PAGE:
More than 132,600 pounds of ground beef products made from the chuck portion of the carcass are being recalled because the meat may be contaminated with Escherichia coli O26 (E. coli), a bacteria that can cause potentially life threatening illness in some humans. At least 17 people have been sickened and one person has died between July 5 and July 25, 2018, after eating the meat.
The recall was initiated by Cargill Meat Solutions, a Fort Morgan, Colorado-based establishment. Affected ground beef products were produced and packaged on June 21, 2018, and bear the establishment number “EST. 86R” inside the USDA mark of inspection. The products were shipped to retail locations nationwide and were sold under various brand names. A list of the affected products can be found on the company’s product list.
The USDA is concerned that some people who purchased the meat may have frozen the meat for future use. Consumers should check their freezers for affected ground beef products. Anyone with recalled meat products should not consume them, but return them to the place of purchase.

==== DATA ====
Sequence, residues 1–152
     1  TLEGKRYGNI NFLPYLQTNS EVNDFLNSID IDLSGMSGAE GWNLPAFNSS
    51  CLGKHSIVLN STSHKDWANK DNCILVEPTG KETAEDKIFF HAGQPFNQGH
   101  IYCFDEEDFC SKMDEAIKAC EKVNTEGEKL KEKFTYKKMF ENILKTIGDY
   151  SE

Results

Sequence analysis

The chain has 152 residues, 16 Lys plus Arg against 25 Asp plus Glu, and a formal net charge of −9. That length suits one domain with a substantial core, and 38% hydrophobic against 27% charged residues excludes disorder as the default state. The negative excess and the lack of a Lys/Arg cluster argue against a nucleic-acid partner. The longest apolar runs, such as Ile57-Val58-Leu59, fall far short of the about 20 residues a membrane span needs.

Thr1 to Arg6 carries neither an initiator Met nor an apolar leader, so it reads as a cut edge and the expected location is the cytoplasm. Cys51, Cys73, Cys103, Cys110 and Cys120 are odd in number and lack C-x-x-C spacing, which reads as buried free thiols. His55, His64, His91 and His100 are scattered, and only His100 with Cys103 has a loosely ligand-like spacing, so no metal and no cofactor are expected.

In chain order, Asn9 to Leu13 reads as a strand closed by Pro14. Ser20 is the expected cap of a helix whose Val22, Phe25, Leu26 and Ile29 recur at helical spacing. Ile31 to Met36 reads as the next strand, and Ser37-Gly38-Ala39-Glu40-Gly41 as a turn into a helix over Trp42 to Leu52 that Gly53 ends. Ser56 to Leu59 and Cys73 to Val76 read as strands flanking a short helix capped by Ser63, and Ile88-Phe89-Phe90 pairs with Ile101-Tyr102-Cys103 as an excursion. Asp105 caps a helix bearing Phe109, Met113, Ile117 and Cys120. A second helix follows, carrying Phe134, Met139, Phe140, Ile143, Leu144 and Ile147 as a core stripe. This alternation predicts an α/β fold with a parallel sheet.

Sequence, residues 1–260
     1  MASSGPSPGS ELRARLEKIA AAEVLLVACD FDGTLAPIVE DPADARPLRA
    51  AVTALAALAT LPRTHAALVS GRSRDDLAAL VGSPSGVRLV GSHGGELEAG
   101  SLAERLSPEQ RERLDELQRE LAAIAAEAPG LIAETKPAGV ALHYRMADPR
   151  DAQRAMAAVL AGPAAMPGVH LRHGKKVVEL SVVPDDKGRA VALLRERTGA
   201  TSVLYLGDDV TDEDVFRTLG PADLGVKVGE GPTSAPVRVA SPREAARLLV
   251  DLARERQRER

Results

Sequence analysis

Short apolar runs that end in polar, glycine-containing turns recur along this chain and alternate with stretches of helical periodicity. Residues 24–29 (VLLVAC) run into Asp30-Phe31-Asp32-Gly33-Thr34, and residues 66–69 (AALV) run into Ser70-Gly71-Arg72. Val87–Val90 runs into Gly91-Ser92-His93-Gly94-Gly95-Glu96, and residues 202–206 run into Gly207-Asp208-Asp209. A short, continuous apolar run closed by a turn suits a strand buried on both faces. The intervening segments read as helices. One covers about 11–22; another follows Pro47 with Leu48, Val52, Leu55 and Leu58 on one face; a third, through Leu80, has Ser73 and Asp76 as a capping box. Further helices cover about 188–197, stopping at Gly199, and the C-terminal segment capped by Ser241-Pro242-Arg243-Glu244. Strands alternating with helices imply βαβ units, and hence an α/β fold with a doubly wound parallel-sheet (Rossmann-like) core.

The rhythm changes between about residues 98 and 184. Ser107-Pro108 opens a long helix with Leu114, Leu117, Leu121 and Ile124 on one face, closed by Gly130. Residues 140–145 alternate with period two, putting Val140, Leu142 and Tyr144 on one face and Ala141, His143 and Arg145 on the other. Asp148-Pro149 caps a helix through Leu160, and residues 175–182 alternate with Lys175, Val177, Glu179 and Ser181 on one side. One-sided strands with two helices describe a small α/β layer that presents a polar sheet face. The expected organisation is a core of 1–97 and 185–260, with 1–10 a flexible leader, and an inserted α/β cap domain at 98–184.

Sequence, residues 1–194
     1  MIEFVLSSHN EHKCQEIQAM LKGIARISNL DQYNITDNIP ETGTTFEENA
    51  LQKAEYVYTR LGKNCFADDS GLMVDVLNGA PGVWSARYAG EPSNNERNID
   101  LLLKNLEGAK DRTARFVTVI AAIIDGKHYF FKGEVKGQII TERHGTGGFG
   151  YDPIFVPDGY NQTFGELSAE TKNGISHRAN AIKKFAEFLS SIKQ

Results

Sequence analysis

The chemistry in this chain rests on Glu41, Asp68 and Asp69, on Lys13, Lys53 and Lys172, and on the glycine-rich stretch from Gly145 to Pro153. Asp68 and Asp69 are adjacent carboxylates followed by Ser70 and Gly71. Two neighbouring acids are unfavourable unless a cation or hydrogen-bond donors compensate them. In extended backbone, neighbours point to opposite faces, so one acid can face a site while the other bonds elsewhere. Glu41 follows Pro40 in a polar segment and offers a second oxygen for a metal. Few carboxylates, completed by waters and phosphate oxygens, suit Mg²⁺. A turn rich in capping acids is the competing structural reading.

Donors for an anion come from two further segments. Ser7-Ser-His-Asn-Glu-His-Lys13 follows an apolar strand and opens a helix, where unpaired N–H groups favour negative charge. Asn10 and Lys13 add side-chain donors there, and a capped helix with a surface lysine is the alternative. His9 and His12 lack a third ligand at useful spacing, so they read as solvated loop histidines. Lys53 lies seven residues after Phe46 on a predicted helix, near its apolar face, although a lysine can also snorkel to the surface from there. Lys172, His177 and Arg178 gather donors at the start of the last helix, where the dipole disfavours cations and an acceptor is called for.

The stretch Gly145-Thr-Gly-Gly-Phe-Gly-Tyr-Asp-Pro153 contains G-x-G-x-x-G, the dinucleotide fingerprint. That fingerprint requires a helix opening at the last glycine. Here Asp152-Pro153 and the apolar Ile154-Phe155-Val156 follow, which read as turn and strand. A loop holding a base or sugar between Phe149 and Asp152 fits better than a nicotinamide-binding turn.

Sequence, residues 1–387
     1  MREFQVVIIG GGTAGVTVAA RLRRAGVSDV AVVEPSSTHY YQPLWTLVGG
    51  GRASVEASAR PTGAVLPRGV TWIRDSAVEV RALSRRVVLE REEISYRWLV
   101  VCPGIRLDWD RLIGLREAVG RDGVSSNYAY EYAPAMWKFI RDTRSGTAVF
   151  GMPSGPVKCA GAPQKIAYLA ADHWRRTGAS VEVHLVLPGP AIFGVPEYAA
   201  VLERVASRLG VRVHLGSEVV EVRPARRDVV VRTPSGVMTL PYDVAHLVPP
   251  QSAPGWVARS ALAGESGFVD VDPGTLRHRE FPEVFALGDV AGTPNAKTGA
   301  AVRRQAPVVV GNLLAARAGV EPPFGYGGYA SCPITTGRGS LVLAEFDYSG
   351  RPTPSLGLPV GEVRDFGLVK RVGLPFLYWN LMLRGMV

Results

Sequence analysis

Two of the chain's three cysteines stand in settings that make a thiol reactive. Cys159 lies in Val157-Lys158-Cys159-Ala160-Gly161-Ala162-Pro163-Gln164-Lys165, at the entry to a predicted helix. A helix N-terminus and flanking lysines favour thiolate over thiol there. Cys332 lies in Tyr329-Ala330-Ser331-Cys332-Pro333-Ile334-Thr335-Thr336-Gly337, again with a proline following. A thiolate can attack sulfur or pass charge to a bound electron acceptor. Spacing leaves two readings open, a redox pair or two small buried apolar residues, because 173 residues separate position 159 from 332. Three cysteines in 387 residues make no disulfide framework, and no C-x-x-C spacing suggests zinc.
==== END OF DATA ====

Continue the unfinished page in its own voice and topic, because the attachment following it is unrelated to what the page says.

An investigation by the United States Department of Agriculture (USDA) Food Safety and Inspection Service (FSIS) traced the illnesses and death to the consumption of ground beef products purchased at various retail stores that were supplied by Cargill Meat Solutions.
E. coli O26 is a variation of Shiga toxin-producing E. coli. People infected with this strain of E. coli typically become ill 2-8 days after exposure to the organism. Most will develop diarrhea, which is often bloody, and vomiting. Some illnesses last longer and can be more severe.
Most people recover within a week, but on rare occasions, some develop more servere infections, like hemolytic uremic syndrome (HUS), a type of kidney failure. HUS can occur in people of any age but is most common in children younger than 5, older adults, and people with weakened immune systems. Symptoms of HUS include easy bruising, pallor and decreased urine output. Anyone who experiences these symptoms should seek medical attention immediately.
USDA News Release